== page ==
On software quality assurance

"So what do you do?" I'm asked. Someone I haven't met for quite a while, or perhaps never before. "I practice dance and work with computers" I say.

"With computers" is a vague phrase. It turns most people off, unless they turn out to be fellow geeks. They tend to assume they won't understand the details so there is no point in asking.

Well, here is a metaphor of sorts to explain what you never wanted to know about software quality assurance..

Imagine proofreading a book. It is absolutely vital that this book contains NO typos, NO logical contradictions and NO misleading facts.

Imagine that this book is millions of lines long.

Imagine that it has hundreds of authors.

Imagine that all the authors are changing the text constantly. What we have in mind is a very ambitious piece of literature, it aims for the Nobel prize, it must be utterly perfect. If you ever wrote anything you know that it means re-reading, re-working the text over and over again. Move that paragraph down. Strike that. Add something there. That statement is too obvious, while over there things are unclear..

Hence, our authors keep rewriting whatever page or chapter they are paying attention to - continuously removing errors and introducing new ones. What if two chapters edited at the same time by two different authors suddenly try to send the action in two opposite directions?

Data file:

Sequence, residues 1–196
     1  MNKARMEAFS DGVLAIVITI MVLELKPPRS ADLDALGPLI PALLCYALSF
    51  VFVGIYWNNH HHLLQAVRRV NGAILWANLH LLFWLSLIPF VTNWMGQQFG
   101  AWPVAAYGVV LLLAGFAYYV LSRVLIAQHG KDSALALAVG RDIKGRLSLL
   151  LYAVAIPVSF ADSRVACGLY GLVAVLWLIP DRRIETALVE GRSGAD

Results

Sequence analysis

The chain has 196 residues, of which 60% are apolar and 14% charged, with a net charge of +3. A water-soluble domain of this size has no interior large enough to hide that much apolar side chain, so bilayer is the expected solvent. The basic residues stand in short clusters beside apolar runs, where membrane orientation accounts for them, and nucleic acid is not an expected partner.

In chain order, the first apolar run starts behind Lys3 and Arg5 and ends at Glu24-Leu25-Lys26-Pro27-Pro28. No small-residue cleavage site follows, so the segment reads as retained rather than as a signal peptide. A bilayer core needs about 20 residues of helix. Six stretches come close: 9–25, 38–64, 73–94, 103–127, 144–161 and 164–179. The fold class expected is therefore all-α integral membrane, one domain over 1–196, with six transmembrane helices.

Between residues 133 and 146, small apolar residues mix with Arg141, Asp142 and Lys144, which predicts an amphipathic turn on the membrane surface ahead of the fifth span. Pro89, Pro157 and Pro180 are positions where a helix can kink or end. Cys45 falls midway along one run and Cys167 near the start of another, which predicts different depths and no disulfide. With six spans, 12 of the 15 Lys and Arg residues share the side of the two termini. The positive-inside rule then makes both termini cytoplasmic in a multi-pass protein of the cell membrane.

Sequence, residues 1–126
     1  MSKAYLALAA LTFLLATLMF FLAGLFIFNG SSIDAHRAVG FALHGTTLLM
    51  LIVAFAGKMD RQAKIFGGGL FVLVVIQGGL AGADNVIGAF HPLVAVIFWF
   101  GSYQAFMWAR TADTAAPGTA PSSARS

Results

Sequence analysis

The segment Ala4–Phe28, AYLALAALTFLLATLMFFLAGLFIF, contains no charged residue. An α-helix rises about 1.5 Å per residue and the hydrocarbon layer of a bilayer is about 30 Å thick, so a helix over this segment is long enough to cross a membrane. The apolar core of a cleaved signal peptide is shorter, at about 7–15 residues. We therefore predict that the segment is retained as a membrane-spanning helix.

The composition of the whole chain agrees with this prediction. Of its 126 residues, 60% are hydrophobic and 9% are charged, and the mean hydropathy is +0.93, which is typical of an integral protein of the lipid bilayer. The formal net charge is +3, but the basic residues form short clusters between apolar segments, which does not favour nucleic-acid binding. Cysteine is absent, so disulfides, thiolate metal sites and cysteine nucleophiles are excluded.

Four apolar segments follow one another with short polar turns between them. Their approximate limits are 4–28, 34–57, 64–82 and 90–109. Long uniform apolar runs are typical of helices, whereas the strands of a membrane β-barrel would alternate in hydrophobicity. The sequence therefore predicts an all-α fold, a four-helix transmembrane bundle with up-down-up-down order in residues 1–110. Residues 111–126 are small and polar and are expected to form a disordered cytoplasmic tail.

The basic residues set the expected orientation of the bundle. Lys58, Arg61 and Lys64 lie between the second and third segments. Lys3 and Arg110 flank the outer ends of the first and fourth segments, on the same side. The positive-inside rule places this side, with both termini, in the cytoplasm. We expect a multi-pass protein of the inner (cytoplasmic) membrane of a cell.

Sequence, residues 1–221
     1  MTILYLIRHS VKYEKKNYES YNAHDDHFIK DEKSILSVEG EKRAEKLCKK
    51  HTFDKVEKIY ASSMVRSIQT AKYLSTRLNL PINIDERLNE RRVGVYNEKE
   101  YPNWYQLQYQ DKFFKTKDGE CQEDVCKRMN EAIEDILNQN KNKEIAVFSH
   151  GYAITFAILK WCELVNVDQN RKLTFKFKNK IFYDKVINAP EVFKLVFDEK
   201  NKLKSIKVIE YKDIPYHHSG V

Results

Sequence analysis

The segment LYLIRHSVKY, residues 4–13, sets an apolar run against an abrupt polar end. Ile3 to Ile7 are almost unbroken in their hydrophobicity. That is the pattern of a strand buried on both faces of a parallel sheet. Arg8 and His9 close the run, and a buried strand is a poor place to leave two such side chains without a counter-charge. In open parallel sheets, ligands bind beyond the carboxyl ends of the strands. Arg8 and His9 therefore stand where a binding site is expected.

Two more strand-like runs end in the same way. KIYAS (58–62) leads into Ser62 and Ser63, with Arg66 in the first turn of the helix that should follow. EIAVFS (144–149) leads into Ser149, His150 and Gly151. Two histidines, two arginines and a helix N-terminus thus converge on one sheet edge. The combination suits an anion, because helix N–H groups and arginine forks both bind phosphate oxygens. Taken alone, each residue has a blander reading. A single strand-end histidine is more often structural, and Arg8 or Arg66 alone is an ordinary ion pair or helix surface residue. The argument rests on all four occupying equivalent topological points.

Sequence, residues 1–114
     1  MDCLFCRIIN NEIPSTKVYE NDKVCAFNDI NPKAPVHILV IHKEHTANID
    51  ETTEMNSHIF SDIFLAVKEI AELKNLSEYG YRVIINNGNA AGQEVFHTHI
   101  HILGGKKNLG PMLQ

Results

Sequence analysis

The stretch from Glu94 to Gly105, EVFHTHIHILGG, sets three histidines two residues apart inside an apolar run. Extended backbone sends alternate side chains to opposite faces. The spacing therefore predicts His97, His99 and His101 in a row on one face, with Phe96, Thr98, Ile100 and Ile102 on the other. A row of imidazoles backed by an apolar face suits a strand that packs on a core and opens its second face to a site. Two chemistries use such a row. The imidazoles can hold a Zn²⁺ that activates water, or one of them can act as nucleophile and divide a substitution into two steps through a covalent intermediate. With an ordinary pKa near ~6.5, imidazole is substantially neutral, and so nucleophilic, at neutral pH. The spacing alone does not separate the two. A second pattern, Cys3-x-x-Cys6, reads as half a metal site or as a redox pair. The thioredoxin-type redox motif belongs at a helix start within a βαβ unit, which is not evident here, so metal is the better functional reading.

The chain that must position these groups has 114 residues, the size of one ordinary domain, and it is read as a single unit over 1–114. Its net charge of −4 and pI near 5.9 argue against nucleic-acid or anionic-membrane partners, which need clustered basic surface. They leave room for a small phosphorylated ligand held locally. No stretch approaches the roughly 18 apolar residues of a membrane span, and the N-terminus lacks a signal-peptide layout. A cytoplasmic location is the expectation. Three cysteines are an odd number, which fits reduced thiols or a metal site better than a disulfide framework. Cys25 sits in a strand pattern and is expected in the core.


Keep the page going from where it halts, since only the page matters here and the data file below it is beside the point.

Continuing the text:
I once borrowed a book from the library where it turned out the book binding shop had made a mistake and assembled half of the Norwegian with half of the Russian text. I never got to the end for obvious reasons. But in our book, much smaller errors - such as once using a period instead of a colon -might render chapters, volumes, or the whole book unusable.. And in this book nearly any typo, contradiction or error can cause the book to close suddenly while you're reading.

That's because our reader is not an intelligent human who can de-scramble most typos and guess what the author meant in spite of errors. Our reader is a computer, a master of nitpicking.

Software quality assurance means finding ways to proofread as much as possible of a constantly changing book.

Opera 9 Beta is right out of the printing press, available from opera.com and we assume it is still full of typos. Tell me if you find any.


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